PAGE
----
President Barack Obama said he and 20 company executives made “good progress” during a four and a half hour meeting toward establishing closer cooperation between government and business to accelerate the U.S. economic recovery.
“We focused on jobs and investment, and they feel optimistic that by working together we can get some of that cash off the sidelines,” Obama said as he left the session yesterday, referring to the almost $2 trillion that he said companies have amassed.
The meeting with business leaders, who included UBS AG Chairman for the Americas Robert Wolf and Honeywell International Inc. Chairman David Cote, was part of the administration’s campaign to heal a strained relationship with the business community and to collaborate on ways to boost jobs, with the nation’s unemployment rate at 9.8 percent.
Held at Blair House, across Pennsylvania Avenue from the White House, the executives and administration officials conferred on issues such as tax overhaul, education, exports, regulation and the budget deficit, as well as ways to encourage businesses to spend and invest. While Obama has held dozens of meetings with business-leaders during his term, attendees said they expected more follow-up from yesterday’s summit, either from the president himself or top aides.
Executives said it was critical that the administration continue the dialogue.
“This meeting is not episodic; we think it will be continual,” Motorola Inc. Co-CEO Greg Brown said in an interview with Bloomberg Television. “We agreed on a number of us engaging on different issues within the administration. It’s not about optics, it’s about delivery and we are all very focused on that.”
Obama is generating more optimism among CEOs after a series of business-friendly overtures, including a deal to extend tax cuts enacted in 2001 and 2003 and efforts to boost exports such as a U.S.-South Korea free-trade agreement and a loosening of controls on some technology sales.
The administration has been seeking to strengthen relationships with the business community following criticism from some executives and business groups, such as the U.S. Chamber of Commerce, of the administration’s overhaul of the health-care system and financial regulations. Obama said private companies are crucial to the U.S. climbing out of the worst recession since the Great Depression.
“Things were said on both sides that shouldn’t have been and did not further the opportunity to work together,” Honeywell’s Cote said as he arrived at Blair House yesterday. “This is our chance to do that. I give the president a lot of credit for being the man big enough to say ‘Let’s restart, let’s work on how do we create a more vibrant economy.’”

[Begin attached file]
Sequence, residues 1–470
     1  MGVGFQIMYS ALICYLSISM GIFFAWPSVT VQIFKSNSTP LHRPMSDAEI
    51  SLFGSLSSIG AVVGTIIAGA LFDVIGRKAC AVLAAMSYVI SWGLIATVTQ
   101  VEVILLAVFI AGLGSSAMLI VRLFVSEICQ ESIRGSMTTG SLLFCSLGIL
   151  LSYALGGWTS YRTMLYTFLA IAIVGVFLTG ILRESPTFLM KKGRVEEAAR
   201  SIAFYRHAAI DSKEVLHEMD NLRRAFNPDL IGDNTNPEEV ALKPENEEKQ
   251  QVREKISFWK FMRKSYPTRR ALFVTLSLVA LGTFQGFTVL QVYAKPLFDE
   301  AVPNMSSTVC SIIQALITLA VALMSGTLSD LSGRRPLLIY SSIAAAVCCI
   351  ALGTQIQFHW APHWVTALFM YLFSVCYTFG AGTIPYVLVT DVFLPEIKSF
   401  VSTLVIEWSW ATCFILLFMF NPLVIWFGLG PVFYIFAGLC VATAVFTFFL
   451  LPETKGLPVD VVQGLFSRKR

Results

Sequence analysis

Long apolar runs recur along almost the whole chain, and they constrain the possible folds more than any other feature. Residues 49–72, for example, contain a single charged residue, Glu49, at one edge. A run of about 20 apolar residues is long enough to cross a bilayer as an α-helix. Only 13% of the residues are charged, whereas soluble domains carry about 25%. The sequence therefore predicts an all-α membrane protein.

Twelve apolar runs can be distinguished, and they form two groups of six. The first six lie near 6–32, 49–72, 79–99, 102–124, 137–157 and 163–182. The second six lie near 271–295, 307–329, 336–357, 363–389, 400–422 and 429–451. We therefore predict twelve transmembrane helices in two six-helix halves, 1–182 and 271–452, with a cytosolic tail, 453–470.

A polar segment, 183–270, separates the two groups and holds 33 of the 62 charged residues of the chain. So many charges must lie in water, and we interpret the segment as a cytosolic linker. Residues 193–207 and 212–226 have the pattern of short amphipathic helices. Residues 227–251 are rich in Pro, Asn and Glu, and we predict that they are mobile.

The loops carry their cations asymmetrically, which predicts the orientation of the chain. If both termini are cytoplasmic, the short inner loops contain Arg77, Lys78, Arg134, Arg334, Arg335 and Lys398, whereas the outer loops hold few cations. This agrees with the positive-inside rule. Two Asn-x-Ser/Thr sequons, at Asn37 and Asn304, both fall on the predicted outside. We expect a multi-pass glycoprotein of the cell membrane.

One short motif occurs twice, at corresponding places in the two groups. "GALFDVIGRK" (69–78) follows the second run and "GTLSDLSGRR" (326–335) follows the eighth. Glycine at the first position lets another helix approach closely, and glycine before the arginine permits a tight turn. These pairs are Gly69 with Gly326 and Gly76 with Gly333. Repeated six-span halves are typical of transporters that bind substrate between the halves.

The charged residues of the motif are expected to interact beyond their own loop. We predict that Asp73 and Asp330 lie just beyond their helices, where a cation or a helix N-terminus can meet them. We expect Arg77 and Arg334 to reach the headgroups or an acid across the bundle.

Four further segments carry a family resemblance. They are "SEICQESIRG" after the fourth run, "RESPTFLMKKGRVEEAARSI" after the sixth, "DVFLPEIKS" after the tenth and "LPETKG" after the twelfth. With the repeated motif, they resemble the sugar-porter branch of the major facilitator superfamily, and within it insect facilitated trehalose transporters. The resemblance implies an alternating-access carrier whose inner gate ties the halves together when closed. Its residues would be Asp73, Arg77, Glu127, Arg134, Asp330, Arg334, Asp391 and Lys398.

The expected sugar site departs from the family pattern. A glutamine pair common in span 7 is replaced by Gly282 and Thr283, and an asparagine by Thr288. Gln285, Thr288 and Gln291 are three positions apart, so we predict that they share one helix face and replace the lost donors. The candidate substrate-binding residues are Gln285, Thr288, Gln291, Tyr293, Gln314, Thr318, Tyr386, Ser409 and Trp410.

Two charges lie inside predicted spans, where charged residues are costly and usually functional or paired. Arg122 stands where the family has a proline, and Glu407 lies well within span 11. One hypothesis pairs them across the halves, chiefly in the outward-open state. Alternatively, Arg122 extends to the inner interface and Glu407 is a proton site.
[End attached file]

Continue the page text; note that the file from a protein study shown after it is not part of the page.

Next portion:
Obama began the meeting with a message to the corporate leaders, saying they represent why the U.S. is unique, what is best about the country’s entrepreneurial spirit and that he wanted to dispel any notion that his administration wanted to inhibit their success, according to one person in the room.
The president asked the executives for examples of policies that weren’t working. One idea was to cut tax rates on accumulated foreign earnings that are repatriated to the U.S. like Congress authorized for one year in 2004, according to participants in the room.
While Obama has called on the CEOs to spend the $2 trillion in cash their companies have accumulated on job creation, the executives said much of that is earnings from overseas sales that are retained abroad to avoid paying U.S. corporate income tax. U.S.-based multinational corporations pay corporate income tax on earnings when they are brought back to the U.S. If the revenue remains abroad, either in cash or investment in overseas facilities, the money isn’t taxed.
Obama said he would consider the issue and asked what the executives would be willing to give up in other corporate tax rates to make sure it remains revenue neutral.
The executives also brought up the issue of U.S. global competition. With respect to China specifically, they asked Obama to ensure trade goes both ways, attendees said.
Twenty executives took part yesterday’s session, which was closed to the press. Along with Wolf, Cote, and Brown, those invited included Google Inc. CEO Eric Schmidt, Intel Corp. CEO Paul Otellini and Comcast Corp. CEO Brian Roberts. Other CEOs attending were DuPont Co.’s Ellen Kullman, PepsiCo Inc.’s Indra Nooyi, Dow Chemical Co.’s Andrew Liveris, Cisco Systems Inc.’s John Chambers, Kenneth Chenault of American Express Co., Duke Energy Corp.’s James E. Rogers, NextEra Energy Inc.’s Lew Hay and Eli Lilly & Co. President and CEO John Lechleiter.
A number of the executives at the meeting serve on several of Obama’s outside advisory boards, including Wolf; Cote; Boeing Co. CEO James McNerney; General Electric Co. Chief Executive Officer Jeffrey Immelt; United Parcel Service Inc. CEO Scott Davis; Penny Pritzker, who led Obama’s campaign fundraising effort and is chairman of Pritzker Realty Group; Mark Gallogly, founder and managing partner of Centerbridge Partners LP; and venture capitalist John Doerr, a partner at Kleiner Perkins Caufield & Byers.
After the meeting, Boeing’s McNerney said Obama told the executives that the administration is committed to pursuing free-trade agreements that would increase U.S. exports and jobs. Obama set a tone for the meeting that “we’re all in this together,” McNerney said on Bloomberg Television.
Executives at the meeting agreed with the president’s assessment that the two sides made progress.
“It’s important for business and government to be able to work together,” Cote said. “I came away feeling very good.”
To contact the editor responsible for this story: Mark Silva in Washington at email@example.com